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November 18, 2017, 12:43:50 AM
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Author Topic: Shay and Climax lubrication schedules  (Read 976 times)
nymark


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« on: June 04, 2017, 01:37:47 PM »

I have had my 3 truck Shay for about a year and a half and recently acquired a Climax. Both came with sound and DCC installed. The Shay came with a video showing how to lubricate and suggests every ten hours which I have followed pretty closely. The Climax did not come with a video and I lubed it as per the instructions in the manual with a 20 hour lube schedule. Both suggest using the electrical lube on the wheels every 5-6 hours. The Climax seemed a bit tight in the curves and jerky at slow speeds. After about 15 hours of running the Climax, I found a Bachmann you tube showing the guy taking the bottom plates off the trucks and using heavy gear lube and gear grease inside. I was worried that I may have damaged the gears by not doing this before I ran it at first, but all seemed well. It did run more smoothly afterwards. I would like to ask for other people's experiences with these engines. Has anyone had problems due to lack of lubrication? Also, the lubrication schedule for the Shay seems a bit excessive-I haven't had the Climax long enough to know. Any ideas on this will be most appreciated.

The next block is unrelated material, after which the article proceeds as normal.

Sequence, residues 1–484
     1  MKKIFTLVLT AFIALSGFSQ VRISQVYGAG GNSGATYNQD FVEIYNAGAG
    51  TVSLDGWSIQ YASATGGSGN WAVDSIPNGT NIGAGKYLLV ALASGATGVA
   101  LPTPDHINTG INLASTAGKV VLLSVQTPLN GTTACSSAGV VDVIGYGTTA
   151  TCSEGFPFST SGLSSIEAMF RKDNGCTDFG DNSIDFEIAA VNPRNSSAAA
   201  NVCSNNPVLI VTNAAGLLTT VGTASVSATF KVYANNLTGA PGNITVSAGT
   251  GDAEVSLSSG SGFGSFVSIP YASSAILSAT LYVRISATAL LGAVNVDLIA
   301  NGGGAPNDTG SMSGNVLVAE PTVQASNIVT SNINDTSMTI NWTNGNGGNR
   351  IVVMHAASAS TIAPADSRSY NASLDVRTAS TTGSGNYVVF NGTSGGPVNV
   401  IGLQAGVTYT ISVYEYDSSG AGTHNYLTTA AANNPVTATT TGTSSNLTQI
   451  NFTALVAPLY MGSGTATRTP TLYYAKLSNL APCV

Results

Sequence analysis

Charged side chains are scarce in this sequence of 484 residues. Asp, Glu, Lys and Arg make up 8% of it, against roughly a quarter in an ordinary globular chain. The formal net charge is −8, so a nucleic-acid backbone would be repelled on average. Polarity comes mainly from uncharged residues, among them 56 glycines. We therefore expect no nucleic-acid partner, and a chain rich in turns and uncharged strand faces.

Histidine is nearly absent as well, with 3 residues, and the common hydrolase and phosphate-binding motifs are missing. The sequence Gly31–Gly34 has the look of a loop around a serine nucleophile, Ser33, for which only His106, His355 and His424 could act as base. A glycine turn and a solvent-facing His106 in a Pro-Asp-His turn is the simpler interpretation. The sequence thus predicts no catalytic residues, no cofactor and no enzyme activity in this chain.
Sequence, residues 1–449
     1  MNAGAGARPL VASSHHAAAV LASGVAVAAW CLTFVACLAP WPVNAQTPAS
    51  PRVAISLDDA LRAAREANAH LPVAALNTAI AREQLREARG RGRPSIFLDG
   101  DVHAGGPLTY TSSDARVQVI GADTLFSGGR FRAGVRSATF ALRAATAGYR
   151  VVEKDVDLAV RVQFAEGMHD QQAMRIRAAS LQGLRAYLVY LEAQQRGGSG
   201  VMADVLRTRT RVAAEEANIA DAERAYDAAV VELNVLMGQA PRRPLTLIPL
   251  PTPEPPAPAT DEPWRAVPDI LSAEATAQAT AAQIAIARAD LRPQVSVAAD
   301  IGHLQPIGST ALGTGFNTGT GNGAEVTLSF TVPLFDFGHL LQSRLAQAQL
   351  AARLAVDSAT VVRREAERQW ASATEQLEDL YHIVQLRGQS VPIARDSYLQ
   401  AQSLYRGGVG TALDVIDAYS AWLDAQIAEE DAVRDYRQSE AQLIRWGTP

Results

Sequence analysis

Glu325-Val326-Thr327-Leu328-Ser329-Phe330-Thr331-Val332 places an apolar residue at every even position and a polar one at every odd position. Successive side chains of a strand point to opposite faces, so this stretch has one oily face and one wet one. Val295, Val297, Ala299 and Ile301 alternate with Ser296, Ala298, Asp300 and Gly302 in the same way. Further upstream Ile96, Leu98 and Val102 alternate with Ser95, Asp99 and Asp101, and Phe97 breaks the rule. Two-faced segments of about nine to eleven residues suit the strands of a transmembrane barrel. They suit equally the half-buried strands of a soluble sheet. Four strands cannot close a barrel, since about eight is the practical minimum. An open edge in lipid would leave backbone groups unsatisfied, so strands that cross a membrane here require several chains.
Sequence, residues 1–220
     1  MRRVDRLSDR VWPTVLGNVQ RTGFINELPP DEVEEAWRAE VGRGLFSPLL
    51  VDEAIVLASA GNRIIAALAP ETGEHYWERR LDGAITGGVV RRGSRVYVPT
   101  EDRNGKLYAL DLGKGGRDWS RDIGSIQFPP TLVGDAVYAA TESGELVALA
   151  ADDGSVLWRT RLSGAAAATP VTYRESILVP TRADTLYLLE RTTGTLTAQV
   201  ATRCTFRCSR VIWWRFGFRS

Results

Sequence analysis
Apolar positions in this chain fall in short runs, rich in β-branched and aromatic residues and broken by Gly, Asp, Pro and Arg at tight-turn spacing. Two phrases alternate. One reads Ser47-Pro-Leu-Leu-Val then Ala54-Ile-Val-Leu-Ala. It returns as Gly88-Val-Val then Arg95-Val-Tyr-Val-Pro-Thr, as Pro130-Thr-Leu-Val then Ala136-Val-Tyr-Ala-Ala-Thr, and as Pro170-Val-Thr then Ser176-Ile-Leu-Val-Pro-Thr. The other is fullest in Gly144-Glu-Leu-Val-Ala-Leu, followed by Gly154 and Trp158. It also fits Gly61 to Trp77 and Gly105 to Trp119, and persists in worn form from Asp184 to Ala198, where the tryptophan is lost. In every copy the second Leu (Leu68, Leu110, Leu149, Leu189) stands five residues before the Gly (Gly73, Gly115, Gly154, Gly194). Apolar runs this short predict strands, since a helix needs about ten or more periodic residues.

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Loco Bill Canelos

Model railroading since 1947


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« Reply #1 on: June 04, 2017, 09:59:13 PM »

Hi nymark,

Some years ago there was some discussion about lubing.   At the time the lube schedule was said by a Bachmann Rep to be a "suggested" schedule depending on how you actually ran the loco, and the weather conditions at the time.  In extremely hot temps I believe the suggestion was to do the rods, valve gear and associated driving parts more often.   I don't recall what the suggestion was about gear lube, except to say that the gear boxes were factory lubed.